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Old 07-30-2013, 03:41 PM   #8
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The only minivan I would be comfortable towing with is either a Chevy Astro, or its GM counterpart, the Safari.

We tow our Jayco X17z with a Chevy Astro, and it is rated at 5000 lbs. Our Jayco is 3500 GVWR, and with two of us, our gear, food and two Golden Retrievers, I can tell you, that van works HARD. It can handle it, but as soon as we can afford it, I want to upgrade to a larger Chevy Express 3/4 Ton Van.

As to our mileage, the Chevy get's about 18 to 20 around town with no trailer, and maybe 22 on the open road with no trailer. When it's pulling the trailer we get 10 to 12, and I suspect that is pretty normal. As others have said it's the wind resistance factor more than the trailer weight that affects the mpg.

If I were you, I would look to get a nice pop up until you can upgrade to a more capable TV.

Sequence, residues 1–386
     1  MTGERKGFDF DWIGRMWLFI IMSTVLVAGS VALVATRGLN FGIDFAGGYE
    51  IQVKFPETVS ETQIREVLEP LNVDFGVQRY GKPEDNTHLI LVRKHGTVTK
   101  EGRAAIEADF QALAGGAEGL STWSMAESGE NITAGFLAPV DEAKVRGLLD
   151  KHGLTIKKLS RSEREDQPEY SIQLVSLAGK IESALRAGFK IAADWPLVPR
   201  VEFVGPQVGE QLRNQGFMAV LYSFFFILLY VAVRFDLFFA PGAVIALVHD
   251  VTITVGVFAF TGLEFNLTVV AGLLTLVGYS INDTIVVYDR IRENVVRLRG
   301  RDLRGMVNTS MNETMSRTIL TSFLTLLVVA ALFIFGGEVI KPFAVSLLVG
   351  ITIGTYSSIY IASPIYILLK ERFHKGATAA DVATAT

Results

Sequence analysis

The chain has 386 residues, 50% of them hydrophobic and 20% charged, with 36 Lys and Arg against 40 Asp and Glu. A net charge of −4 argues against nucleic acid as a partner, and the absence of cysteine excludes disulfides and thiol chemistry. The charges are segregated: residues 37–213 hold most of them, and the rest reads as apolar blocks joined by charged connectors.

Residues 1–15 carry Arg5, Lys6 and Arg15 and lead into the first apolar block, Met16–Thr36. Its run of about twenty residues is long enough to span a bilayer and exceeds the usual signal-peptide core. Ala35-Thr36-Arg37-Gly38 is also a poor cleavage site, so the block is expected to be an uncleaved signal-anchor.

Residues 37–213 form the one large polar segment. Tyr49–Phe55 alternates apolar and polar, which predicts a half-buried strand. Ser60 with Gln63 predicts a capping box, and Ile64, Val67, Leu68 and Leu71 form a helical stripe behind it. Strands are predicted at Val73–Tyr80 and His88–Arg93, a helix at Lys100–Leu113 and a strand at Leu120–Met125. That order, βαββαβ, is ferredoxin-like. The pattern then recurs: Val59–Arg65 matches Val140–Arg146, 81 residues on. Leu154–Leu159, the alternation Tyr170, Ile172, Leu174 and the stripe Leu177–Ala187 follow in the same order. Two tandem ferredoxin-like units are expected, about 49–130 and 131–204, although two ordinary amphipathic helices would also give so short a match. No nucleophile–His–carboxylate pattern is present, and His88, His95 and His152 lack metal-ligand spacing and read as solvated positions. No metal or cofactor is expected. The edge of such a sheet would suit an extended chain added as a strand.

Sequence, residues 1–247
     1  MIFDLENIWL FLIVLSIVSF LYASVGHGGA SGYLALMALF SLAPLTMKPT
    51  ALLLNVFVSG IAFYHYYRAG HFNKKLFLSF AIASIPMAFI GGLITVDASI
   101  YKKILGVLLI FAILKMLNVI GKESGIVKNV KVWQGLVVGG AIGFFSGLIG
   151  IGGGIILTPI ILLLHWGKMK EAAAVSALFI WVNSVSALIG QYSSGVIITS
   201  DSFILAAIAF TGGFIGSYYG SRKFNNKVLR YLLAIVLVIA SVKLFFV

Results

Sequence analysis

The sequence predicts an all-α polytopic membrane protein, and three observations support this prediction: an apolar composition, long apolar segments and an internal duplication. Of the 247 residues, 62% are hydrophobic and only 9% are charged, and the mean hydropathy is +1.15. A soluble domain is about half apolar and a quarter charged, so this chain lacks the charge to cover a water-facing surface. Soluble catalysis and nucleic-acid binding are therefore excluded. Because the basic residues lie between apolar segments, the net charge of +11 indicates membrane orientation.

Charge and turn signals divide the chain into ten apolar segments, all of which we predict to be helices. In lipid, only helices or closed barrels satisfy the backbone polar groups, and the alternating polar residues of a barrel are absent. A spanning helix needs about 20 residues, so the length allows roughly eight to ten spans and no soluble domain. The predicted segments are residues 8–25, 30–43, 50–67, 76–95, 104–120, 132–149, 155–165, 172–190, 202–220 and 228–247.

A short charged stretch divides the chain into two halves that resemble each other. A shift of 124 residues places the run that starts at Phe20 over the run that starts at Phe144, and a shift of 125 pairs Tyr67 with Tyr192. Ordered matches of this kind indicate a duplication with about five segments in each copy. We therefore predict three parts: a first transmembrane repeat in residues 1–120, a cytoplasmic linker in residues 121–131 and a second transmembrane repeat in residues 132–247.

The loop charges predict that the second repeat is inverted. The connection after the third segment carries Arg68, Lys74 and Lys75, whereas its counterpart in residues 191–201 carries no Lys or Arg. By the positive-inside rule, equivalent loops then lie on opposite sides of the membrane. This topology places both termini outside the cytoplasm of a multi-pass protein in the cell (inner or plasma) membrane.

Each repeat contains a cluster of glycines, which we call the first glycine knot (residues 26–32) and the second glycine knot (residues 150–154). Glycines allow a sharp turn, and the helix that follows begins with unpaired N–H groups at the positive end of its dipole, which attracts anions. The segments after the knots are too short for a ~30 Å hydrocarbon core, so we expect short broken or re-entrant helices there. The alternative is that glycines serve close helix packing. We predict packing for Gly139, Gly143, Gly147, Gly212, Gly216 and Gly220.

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Old 07-30-2013, 07:33 PM   #9
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We towed a 1963 Fan Lee Liner 16 ft trailer behind our 2006 Ford Freestar minivan for 3 yrs without a problem. The van is rated to tow 3500 lbs. , & I was using every bit of those 3500 lbs. , it towed just fine.
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Old 07-30-2013, 07:35 PM   #10
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Oh, we got 8-11 mpg , depending on conditions while towing. If it was hilly, or windy, it woul be 8-9 mpg. If it wasn't hilly or windy, I could ru it in overdrive at 60-65 mph & get 10-11.
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Old 08-04-2013, 02:30 AM   #11
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Yes towing a hybrid with a minivan is ??? at best. The suspensions on a mini-van are too soft to handle the air being forced to push the box of a "full height" RV trailer.